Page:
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Author Topic: Wax/Rosin woodenware dip: alt wax options (Palm, etc.,)  (Read 1018 times)
Dane Bramage
Field Bee
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Gender: Male
Posts: 509

Location: Portland, Oregon

« on: April 05, 2008, 12:55:33 PM »

I'm getting set to start dipping woodenware and, as usual, investigating all options in advance.  I'd like this thread to list all the wax and rosin/pitch options with any experiences and/or potential pros/cons of each.

I'll start off with the little research I've done so far.

Paraffin seems to be the most common choice.  I realize there is "food-grade" (non-toxic) paraffin available but it seems there is some variability as well as proprietary blends.  I understand paraffin to be a petroleum-based wax.  (off topic - are they any healthy petroleum-based foods??).

Beeswax would seem to be the obvious most natural choice, perhaps it has superior protective qualities as well.  Also - very expensive, even for a beekeeper with surplus when one weighs the opportunity (lost resale) costs.

There are quite a few other vegetable wax (even organic) options available, some at pricing less than paraffin.  If their protective qualities are comparable, this is where I'm leaning.  The leading contender thus far is:

Palm wax - "Palm wax is an all-natural, renewable resource that is obtained from the oil palm" & I have a local (imported) source for less than $1/#.  (there's an add running in the ABJ with 4000# for $.75/#).  Does anyone have experience dipping woodenware with Palm wax?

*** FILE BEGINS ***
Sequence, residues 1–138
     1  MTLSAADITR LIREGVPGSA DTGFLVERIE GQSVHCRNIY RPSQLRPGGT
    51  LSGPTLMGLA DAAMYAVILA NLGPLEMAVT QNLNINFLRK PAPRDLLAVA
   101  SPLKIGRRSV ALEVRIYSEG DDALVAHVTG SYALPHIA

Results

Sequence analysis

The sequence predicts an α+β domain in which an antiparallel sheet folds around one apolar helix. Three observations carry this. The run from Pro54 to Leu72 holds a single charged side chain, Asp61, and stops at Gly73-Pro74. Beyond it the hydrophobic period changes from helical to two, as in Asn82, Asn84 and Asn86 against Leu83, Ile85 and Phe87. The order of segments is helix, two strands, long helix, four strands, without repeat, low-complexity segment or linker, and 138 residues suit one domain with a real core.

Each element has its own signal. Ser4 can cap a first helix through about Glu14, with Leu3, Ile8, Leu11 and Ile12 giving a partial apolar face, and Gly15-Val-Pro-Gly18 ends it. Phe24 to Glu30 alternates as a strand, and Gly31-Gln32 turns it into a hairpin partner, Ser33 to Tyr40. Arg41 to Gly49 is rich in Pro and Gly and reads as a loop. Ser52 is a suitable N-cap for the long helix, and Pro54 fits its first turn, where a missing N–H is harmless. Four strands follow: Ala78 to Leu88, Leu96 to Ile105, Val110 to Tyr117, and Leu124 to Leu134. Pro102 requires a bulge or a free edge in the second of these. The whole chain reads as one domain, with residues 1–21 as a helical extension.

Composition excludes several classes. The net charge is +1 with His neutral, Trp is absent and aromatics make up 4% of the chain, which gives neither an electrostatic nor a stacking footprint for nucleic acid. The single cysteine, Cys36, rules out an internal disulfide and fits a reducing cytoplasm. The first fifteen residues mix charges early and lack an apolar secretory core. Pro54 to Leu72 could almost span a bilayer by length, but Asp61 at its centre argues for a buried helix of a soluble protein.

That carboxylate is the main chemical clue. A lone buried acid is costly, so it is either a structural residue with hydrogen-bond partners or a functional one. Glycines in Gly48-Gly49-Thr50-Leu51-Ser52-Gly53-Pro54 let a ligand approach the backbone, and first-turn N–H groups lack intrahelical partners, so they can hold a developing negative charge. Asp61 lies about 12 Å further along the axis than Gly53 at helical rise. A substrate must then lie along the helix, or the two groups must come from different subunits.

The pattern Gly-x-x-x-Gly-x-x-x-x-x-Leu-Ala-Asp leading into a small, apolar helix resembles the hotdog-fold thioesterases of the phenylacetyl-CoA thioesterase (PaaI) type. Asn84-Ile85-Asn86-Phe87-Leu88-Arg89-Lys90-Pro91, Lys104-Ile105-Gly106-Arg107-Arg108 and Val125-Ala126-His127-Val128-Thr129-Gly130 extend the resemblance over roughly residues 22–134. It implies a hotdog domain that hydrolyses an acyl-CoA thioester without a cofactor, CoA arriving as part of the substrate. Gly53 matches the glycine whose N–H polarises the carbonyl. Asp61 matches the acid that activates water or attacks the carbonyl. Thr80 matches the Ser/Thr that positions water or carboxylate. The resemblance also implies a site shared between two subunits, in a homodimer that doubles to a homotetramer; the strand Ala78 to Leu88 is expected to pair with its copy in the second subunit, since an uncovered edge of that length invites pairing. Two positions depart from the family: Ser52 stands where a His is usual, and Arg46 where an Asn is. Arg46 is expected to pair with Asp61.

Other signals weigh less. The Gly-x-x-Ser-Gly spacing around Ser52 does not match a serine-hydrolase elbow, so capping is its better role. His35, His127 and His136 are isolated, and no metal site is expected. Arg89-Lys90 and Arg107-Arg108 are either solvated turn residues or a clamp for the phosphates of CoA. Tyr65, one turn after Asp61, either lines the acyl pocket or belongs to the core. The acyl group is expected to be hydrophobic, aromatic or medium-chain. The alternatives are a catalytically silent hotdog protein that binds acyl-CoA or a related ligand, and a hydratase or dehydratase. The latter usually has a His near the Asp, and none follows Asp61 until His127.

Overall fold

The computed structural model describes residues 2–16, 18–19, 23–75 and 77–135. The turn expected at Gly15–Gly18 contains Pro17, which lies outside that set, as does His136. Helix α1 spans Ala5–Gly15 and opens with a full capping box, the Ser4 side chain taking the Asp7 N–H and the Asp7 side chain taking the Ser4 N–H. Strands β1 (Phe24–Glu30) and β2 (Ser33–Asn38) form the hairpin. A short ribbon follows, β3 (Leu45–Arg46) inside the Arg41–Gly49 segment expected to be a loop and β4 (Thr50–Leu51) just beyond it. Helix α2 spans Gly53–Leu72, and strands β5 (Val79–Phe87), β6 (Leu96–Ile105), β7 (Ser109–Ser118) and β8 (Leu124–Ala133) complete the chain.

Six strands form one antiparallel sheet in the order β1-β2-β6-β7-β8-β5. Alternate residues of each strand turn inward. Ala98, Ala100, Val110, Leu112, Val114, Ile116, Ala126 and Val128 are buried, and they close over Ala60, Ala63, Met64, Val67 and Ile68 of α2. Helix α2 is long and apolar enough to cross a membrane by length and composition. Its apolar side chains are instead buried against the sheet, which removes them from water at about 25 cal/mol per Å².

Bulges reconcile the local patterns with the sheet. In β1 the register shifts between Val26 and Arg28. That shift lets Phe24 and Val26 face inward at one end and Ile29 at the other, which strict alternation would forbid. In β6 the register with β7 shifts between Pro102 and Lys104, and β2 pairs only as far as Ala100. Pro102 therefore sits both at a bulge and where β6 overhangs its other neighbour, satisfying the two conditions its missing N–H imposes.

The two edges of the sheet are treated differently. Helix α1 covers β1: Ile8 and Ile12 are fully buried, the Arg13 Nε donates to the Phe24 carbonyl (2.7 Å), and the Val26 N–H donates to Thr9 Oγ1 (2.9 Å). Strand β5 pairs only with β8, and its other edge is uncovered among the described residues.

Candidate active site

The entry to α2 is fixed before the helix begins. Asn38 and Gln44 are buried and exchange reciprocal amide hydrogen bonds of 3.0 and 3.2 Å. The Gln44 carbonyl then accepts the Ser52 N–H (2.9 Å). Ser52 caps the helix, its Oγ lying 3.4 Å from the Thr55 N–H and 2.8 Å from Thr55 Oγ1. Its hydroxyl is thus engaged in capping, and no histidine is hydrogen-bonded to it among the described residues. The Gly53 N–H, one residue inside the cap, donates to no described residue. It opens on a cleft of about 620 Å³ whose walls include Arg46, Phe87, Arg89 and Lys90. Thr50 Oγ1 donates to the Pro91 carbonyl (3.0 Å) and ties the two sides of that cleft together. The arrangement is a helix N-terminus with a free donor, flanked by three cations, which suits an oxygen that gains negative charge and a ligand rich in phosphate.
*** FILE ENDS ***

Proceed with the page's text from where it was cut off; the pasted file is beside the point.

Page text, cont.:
Soy wax is another option.

So there's a few wax options.  As far as rosin, that seems to be very rarely used/available anymore (here in the usa, tons available as import from China).  Mann Lake offers gum rosin.  I found a local importer that has "Brazilian gum rosin" (quite a bit more expensive).  And then there is the unrefined pine pitch/tar (aka "brewer's pitch").  This is typically available at "Feed" (farm supply) stores (it's used topically on hooves and after de-horning).  I don't have any recipes for pitch vs rosin (anyone?), but I may add some just because it smells so good.  Wink


House Bee
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Posts: 181

Location: Mercer County, NJ

« Reply #1 on: April 05, 2008, 01:54:45 PM »

Take a read of this:
Dane Bramage
Field Bee
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Gender: Male
Posts: 509

Location: Portland, Oregon

« Reply #2 on: April 05, 2008, 02:23:04 PM »

Thanks for the Aussie dipping paper link.  A lot of very useful info!  The only mention they made of other waxes:

A mixture of microcrystalline wax and paraffin wax is commonly
used by Australian apiarists.
Both microcrystalline and paraffin waxes are sold separately and are
mixed by the apiarist to form a 50/50 mix by weight. The two
waxes are sold in either slab (block) or bead (pastille) form
depending on the grade of wax.
In Australia, paraffin wax is generally not used on its own. The
following scenarios can be expected if material is dipped solely in
paraffin wax:
• the surface of the dipped item may become very sticky in the
summer sun and can readily collect dirt and grime
• paint may not readily adhere to the surface of the treated item.
Microcrystalline wax may be used on its own, but few apiarists do

Also no mention of rosin nor pitch (they do mention using linseed oil as an an additive).

Michael Bush
Universal Bee
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Posts: 13989

Location: Nehawka, NE

« Reply #3 on: April 05, 2008, 10:55:43 PM »

I used two parts beeswax to one part propolis.

The bees liked it.  They keep gathering it off of my gloves for propolis.

Michael Bush
My website:
My book:
"Everything works if you let it."--Rick Nielsen
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